This is mostly thanks to cannabidiol or CBD—a natural compound found in cannabis plants that is non-psychoactive. This means it doesn't make the consumer high. CBD is sold as an ingredient in oils, oral sprays, creams, pills, or edibles like gummies and lollipops. Purveyors claim CBD can provide relief from pain, combat anxiety, and depression. It's even been linked to helping people living with cancer.
It's true CBD is having its moment. The term "CBD gummies" was the third-most searched food-related term on Google in the U.S. in 2018. Large companies like Corona owner Constellation Brands (STZ.B) and Marlboro cigarette maker Altria Group (MO) have bought multibillion-dollar stakes in marijuana companies. But forecasts for the CBD market argue this isn't just a temporary wellness craze.
New Frontier Data estimates the market for CBD derived from hemp will grow from a $390 million-dollar market in 2018 to a $1.3 billion market—or 3.3x—by 2022. Brightfield Group says the hemp CBD market can reach as much as $22 billion by 2022. Defending its lofty prediction, Brightfield's managing director Bethany Gomez said, "We are a team of highly conservative analysts and we did not take this lightly - I honestly believe that these are conservative numbers. We have no rose-colored glasses in terms of the bizarre and challenging regulatory framework that surrounds this industry, it will always be two steps forward, one step back. There are sure to be some problematic regulations and bumps along the way. But there is too much momentum, too much demand, and too much potential for this industry not to explode."
The FDA and CBD: Softening Stance?
Under the current U.S. Food and Drug Administration's (FDA) rules, all drugs containing CBD, a Schedule I substance, require the agency's approval. In June 2018, the agency also approved a CBD, marijuana-derived drug for the first time. GW Pharmaceuticals' (GWPH) Epidiolex was placed in the least restrictive Schedule V of the Controlled Substances Act by the U.S. Drug Enforcement Administration (DEA), which means it has a low potential for abuse.
Under federal rules, it is also illegal to market food products or dietary supplements that contain CBD, but the FDA indicated that may change in the future. In a December 2018 press release, it said, "Although such products are generally prohibited to be introduced in interstate commerce, the FDA has the authority to issue a regulation allowing the use of a pharmaceutical ingredient in a food or dietary supplement. We are taking new steps to evaluate whether we should pursue such a process." The statement was published after the Farm Bill legalizing the regulated production of hemp, another source of CBD was passed.
This is great news for many companies betting on the compound and dealing with its murky legal status. But can investors expect all CBD to be placed in Schedule V or unscheduled altogether soon? Not quite. It's not easy for CBD to be unscheduled altogether because of international treaties the U.S. has signed. And while Epidiolex qualifies for Schedule V, only other FDA-approved marijuana-derived drugs with low levels of THC can expect to join it there.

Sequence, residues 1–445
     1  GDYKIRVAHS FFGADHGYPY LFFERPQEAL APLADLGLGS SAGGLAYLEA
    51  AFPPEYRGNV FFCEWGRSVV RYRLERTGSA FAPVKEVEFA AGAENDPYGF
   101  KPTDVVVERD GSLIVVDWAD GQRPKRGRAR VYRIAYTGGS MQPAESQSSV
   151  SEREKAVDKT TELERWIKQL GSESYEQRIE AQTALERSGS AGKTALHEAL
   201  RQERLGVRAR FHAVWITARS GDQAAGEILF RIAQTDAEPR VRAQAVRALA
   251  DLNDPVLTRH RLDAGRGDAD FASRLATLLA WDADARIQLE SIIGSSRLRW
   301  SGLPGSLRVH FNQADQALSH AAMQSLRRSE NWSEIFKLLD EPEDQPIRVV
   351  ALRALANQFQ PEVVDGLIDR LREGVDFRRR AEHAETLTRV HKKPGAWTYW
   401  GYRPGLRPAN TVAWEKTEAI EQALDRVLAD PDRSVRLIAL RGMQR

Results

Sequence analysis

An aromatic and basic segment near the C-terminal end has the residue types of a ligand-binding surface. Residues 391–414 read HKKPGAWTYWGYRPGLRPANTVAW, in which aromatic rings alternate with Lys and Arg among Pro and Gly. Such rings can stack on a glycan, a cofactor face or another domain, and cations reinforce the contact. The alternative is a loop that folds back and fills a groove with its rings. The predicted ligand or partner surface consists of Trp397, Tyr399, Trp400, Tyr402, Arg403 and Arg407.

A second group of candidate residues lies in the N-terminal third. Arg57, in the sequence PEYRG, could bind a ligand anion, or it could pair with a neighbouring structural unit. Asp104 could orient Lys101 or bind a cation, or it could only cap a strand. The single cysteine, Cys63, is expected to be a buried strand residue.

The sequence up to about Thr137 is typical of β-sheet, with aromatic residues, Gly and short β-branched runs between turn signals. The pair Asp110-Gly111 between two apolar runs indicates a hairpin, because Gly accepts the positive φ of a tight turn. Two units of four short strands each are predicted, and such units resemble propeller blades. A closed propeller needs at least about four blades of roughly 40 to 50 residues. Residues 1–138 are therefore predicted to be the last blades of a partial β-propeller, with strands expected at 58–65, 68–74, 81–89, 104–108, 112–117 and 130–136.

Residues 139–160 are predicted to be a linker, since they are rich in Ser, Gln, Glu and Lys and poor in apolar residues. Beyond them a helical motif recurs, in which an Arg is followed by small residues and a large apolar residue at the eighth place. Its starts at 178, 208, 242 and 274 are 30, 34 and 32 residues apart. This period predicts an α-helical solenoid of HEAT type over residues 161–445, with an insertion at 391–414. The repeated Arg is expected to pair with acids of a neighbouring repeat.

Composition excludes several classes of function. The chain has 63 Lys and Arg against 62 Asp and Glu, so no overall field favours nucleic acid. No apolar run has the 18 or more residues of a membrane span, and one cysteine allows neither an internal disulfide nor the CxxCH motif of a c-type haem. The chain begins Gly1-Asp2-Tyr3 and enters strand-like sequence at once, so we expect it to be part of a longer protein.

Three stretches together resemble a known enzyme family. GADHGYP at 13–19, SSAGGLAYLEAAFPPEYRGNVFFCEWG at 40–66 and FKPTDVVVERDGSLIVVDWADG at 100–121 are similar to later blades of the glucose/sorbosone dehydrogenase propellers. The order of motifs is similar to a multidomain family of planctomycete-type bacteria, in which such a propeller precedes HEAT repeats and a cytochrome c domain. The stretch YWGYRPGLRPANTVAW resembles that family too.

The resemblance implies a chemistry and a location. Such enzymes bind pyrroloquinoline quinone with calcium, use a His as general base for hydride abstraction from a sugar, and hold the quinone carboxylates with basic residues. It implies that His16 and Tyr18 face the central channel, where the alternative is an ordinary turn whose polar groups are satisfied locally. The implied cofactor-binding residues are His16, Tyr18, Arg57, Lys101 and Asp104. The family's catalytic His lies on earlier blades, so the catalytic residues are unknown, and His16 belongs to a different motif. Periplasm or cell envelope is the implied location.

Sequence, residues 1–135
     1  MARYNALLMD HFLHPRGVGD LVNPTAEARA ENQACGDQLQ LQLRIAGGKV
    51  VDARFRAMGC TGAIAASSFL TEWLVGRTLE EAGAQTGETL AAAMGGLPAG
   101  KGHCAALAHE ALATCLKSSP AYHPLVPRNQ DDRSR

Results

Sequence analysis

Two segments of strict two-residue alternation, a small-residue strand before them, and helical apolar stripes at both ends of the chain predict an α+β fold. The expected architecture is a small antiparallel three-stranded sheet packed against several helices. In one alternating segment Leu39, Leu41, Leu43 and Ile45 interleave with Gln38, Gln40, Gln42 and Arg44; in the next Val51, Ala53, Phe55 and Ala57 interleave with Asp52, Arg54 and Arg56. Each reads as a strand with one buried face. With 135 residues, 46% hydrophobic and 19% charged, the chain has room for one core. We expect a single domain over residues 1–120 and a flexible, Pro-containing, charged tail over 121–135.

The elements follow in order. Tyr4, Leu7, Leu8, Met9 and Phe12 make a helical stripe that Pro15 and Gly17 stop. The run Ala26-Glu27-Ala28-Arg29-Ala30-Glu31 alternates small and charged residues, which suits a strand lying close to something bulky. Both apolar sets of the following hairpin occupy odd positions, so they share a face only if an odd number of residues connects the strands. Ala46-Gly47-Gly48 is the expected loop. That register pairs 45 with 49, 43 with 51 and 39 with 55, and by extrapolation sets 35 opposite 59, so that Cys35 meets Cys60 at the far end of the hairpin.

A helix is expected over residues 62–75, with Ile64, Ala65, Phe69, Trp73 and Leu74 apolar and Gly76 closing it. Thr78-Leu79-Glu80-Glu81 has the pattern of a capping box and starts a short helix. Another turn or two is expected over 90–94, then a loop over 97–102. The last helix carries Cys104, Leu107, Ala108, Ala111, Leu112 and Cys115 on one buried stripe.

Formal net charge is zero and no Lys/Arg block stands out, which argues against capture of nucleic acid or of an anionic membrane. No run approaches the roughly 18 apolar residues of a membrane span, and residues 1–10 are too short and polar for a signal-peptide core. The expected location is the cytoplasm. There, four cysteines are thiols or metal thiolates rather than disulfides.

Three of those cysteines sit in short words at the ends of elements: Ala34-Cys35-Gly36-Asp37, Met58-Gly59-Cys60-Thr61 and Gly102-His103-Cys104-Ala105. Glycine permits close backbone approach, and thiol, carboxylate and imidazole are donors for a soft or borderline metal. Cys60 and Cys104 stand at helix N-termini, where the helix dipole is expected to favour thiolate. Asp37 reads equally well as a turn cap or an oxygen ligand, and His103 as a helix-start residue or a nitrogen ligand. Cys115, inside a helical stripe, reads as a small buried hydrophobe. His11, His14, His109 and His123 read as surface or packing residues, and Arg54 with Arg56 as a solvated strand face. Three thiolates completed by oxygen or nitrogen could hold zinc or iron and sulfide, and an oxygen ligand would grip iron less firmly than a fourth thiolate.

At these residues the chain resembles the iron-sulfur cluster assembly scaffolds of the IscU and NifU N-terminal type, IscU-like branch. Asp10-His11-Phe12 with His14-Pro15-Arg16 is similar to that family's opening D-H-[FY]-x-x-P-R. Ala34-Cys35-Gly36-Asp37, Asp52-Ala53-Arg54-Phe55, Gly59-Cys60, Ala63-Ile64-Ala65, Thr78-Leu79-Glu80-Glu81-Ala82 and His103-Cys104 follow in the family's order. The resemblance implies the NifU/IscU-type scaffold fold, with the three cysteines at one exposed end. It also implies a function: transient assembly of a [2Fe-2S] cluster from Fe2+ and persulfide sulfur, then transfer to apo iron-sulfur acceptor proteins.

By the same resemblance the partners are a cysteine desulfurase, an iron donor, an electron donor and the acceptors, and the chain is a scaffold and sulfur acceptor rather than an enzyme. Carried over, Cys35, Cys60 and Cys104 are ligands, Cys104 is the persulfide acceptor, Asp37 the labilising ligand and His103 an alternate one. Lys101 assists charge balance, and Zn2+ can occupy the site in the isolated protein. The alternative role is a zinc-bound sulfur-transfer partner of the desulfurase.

Since the explosion of marijuana products is almost certain, experts are now wondering what the industry might look like. Will large corporations come to dominate it and flood the market with a cheap and generic product? Ryan Stoa, a professor of law at Concordia University and the author of "Craft Weed: Family Farming and the Future of the Marijuana Industry" told The Verge this will be difficult because of the variety of strains available. Another factor he discussed was the consumer base's interest in locally-made or locally-produced artisanal products.
"On the regulator size, states have a role to play," he said. "You already see states like California putting a cap or limit on the size of marijuana farms, essentially saying, 'If we’re going to legalize this industry, we want to spread the benefits to as many people as possible.' Other states are capable of replicating that model."
Technology is also shaping the industry. Weed delivery company Eaze has raised $37 million and is reportedly valued at $300 million. It recently announced it is creating a platform to ship CBD products to 41 states. On-demand marijuana and cannabis delivery service Dutchie raised $3 million in 2018 from the venture capital firms of rapper Snoop Dogg and basketball player Kevin Durant among others.
Expect to hear words like machine learning, automation, and blockchain used in relation to marijuana more often as well. MTrac promises to solve the industry's banking problems. Bloom Automation is building robots to trim and process cannabis.